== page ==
Since the COVID-19 pandemic began and stay-at-home orders were put into place, rental housing has been in the spotlight, with attention staying on even after residents returned to work due to new challenges from a housing supply shortage and rising inflation. The Biden Administration is particularly focused on rental housing issues, and has hosted a series of informational summits, discussions, and meetings with housing providers, resident-advocate groups, and state, local and national policymakers to discuss the state of rental housing in the country. NAR, as the leading real estate advocacy organization, is one of a select few housing provider groups invited by the White House to join these discussions, and has stressed that its membership – 40% of which owns rental housing property – largely represents “mom-and-pop housing providers,” who own just a few units, have small margins, and who have also been impacted by inflation and rising costs. NAR has steadfastly opposed policy proposals which would interfere with the ability of housing providers to enforce their contracts, the rights of states and localities to set their housing regulations, burdensome requirements that entirely fall on property managers and housing providers with no reciprocal relief for them, and any type of rent control. Amplifying that message is the housing provider coalition NAR belongs to, which brings together representatives from all the major housing provider groups in the country to share their expertise and perspectives on any potential policy actions related to rental housing. 

The White House has made clear that promoting resident-centered property management practices is a priority of the Administration, but it is not yet known what type of promotions or actions they are planning in support of that. NAR has been consistent in its messaging and responses to policymakers in the White House, federal agencies, and on Capitol Hill on these issues, making clear that:  

  • Rental housing policy belongs at the state/local level, where policymakers are closer and better equipped to know the specific needs and challenges faced in their communities;
  • Policies which drive housing providers out of the market will have both the immediate and long-term impact of making rental housing more sparse and thus more expensive;
  • The Federal government has tools at its disposal to alleviate the pressure on rental housing stock by creating more affordable housing – both to rent and buy - and provide rental assistance via a range of channels including grants, state and local fiscal recovery funding, and a variety of HUD programs that can be better funded and improved; and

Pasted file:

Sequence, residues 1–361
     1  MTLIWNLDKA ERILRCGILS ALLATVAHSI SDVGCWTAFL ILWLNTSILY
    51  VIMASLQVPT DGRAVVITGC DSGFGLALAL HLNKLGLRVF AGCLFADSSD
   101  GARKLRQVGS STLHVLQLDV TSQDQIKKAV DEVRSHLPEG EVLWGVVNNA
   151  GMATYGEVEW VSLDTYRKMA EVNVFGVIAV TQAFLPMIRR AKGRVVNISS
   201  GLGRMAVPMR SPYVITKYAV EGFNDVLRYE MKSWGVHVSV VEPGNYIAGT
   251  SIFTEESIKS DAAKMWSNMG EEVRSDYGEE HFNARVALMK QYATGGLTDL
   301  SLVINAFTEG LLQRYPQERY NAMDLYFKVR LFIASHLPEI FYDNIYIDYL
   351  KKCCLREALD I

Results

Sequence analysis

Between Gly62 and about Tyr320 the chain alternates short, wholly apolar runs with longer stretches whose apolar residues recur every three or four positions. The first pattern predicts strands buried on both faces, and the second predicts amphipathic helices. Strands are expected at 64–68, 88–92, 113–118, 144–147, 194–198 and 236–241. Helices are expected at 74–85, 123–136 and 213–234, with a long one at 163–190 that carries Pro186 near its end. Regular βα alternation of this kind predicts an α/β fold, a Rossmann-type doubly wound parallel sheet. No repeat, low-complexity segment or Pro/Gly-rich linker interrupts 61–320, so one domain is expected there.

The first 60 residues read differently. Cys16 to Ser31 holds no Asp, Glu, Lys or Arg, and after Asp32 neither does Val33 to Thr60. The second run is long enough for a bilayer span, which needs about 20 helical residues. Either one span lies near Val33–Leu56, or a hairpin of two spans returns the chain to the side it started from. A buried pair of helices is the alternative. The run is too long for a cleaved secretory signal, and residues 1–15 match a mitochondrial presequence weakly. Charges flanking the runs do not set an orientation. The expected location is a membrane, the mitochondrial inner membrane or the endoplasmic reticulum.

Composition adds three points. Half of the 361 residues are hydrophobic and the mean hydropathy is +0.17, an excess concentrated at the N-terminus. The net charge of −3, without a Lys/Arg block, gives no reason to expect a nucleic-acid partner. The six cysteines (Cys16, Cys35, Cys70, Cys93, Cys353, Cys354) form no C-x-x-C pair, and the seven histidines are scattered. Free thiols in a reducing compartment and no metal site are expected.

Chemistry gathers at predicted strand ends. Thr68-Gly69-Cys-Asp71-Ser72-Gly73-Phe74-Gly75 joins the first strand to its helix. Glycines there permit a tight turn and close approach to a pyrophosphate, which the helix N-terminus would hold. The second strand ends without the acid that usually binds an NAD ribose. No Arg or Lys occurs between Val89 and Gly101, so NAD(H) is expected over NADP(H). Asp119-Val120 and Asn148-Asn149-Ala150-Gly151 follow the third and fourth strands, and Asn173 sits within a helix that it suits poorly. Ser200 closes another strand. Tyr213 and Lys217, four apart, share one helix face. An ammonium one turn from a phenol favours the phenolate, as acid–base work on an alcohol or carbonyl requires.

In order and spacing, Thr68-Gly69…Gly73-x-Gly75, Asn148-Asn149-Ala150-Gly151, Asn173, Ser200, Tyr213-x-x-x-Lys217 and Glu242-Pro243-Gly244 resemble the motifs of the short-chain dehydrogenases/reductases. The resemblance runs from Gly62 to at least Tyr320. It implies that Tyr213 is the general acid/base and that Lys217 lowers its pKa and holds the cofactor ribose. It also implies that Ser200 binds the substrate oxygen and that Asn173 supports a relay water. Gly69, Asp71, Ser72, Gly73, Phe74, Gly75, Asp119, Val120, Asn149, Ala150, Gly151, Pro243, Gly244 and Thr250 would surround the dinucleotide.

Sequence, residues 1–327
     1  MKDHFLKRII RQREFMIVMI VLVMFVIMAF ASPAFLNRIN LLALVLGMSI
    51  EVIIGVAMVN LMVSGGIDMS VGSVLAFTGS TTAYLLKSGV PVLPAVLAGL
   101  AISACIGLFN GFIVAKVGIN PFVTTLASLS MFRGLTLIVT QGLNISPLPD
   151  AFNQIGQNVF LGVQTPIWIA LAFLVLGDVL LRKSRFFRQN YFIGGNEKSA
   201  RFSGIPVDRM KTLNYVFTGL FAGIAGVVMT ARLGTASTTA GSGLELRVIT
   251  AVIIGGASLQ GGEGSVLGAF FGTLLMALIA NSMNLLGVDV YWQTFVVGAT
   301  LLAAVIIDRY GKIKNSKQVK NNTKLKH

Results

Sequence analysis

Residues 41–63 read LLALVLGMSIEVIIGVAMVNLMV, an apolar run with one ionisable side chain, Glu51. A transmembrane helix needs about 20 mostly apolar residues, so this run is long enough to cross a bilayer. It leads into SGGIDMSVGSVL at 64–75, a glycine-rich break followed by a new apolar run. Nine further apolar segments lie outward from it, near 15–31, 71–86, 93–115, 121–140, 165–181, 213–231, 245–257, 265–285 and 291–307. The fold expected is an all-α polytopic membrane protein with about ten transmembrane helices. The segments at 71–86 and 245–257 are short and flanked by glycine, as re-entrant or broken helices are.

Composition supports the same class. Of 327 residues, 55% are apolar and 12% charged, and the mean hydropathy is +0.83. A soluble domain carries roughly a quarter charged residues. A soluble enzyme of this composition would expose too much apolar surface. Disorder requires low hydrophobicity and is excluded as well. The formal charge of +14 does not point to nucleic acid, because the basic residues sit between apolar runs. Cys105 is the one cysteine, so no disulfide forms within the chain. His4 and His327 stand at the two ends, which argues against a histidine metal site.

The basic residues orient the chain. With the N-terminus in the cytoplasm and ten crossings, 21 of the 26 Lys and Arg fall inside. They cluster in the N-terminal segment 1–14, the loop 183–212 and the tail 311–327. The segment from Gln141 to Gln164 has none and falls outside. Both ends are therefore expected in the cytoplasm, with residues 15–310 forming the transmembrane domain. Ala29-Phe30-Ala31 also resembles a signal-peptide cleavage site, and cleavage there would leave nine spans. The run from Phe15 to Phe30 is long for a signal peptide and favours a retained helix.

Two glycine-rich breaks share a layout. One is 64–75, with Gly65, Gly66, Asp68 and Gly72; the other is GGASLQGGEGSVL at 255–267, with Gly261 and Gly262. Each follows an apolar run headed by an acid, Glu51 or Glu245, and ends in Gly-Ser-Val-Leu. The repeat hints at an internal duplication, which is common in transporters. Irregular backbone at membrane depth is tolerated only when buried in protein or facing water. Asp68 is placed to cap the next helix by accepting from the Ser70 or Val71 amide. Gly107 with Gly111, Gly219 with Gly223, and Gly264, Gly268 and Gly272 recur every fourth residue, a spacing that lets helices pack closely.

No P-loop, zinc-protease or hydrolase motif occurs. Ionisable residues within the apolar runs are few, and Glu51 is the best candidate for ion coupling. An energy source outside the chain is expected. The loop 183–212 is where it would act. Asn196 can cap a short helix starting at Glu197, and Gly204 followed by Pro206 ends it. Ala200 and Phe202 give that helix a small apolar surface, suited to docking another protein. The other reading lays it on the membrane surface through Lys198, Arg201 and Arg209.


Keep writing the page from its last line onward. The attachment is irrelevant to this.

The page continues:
• The root causes of recent rising rents are inflation and the housing supply shortage, both of which the Administration and Congress should be addressing – not a symptom of it.  

NAR is at the table for these discussions, and is not faltering in its messaging and advocacy in support of housing providers and property managers, while demanding that federal policymakers address the actual problem – a housing supply shortage and inflation – and not punish one side of those impacted by it in the rental housing ecosystem. NAR, and the housing provider coalition, will continue to engage with the White House on this issue, while exploring other policy solutions to resolve the root cause.

To learn more about the message NAR and its industry partners are sending to policymakers, read the December 2022 coalition letter to the White House regarding "resident-centered property management practices" discussions, and the December 2022 letter to the House Financial Services Committee for a hearing addressing the impact of inflation on housing supply and affordability.  

For additional information on NAR's policies and work on rental housing issues, as well as other resources, visit the NAR Advocacy Rental Housing Resource page.

Erin Stackley,, 202-383-1150
Bryan Greene,, 202-383-1114

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Valuation Issues Update

NAR Makes Recommendations on VA Appraisal Modernization

NAR wrote to the U.S. Department of Veterans Affairs (VA) regarding implementation of H.R. 7735, the Improving Access to the VA Home Loan Benefit Act of 2022, which passed Congress and was signed into law on December 27th, 2022.

The bill provides 90 days from enactment for the VA Secretary to review and propose changes to its requirements for an appraisal as well as its qualifications for appraisers and the use of waivers. It then stipulates an additional 90 days to implement them.

NAR's letter to the Secretary of the VA and the Executive Director of the Loan Guarantee Program articulates NAR's support for modernization of the appraisal industry and process. However, it describes NAR's concern that the rapid timeline for analysis and implementation would not allow the VA to vet internal process for potential innovation or the veracity or applicability of options used in the private sector.  Furthermore, modernization should be balanced against risk to the Loan Guarantee Program, seeking to maintain a sound fund for generations of active duty and veteran buyers to come.

Ken Fears,, 202-383-1066
Jeremy Green,, 312-329-8404